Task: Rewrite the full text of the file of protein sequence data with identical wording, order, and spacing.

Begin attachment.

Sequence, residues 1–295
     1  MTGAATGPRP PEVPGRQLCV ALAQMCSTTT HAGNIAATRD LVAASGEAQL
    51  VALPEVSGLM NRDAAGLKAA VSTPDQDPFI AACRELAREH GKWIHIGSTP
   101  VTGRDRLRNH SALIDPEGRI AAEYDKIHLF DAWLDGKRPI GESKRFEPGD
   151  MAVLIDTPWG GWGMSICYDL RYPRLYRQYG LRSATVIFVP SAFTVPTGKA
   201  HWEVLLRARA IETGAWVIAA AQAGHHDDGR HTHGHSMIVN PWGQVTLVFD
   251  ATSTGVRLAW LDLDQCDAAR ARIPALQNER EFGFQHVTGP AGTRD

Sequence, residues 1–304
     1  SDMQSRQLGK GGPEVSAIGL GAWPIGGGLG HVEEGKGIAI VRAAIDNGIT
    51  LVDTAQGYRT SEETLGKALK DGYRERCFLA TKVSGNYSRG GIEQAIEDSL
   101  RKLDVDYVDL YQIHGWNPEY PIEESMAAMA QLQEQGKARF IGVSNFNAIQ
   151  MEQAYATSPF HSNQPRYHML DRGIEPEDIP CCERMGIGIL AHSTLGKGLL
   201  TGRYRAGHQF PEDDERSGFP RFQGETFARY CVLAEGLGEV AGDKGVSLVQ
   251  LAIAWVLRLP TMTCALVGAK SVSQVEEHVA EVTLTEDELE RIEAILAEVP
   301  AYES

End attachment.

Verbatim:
Sequence, residues 1–295
     1  MTGAATGPRP PEVPGRQLCV ALAQMCSTTT HAGNIAATRD LVAASGEAQL
    51  VALPEVSGLM NRDAAGLKAA VSTPDQDPFI AACRELAREH GKWIHIGSTP
   101  VTGRDRLRNH SALIDPEGRI AAEYDKIHLF DAWLDGKRPI GESKRFEPGD
   151  MAVLIDTPWG GWGMSICYDL RYPRLYRQYG LRSATVIFVP SAFTVPTGKA
   201  HWEVLLRARA IETGAWVIAA AQAGHHDDGR HTHGHSMIVN PWGQVTLVFD
   251  ATSTGVRLAW LDLDQCDAAR ARIPALQNER EFGFQHVTGP AGTRD

Sequence, residues 1–304
     1  SDMQSRQLGK GGPEVSAIGL GAWPIGGGLG HVEEGKGIAI VRAAIDNGIT
    51  LVDTAQGYRT SEETLGKALK DGYRERCFLA TKVSGNYSRG GIEQAIEDSL
   101  RKLDVDYVDL YQIHGWNPEY PIEESMAAMA QLQEQGKARF IGVSNFNAIQ
   151  MEQAYATSPF HSNQPRYHML DRGIEPEDIP CCERMGIGIL AHSTLGKGLL
   201  TGRYRAGHQF PEDDERSGFP RFQGETFARY CVLAEGLGEV AGDKGVSLVQ
   251  LAIAWVLRLP TMTCALVGAK SVSQVEEHVA EVTLTEDELE RIEAILAEVP
   301  AYES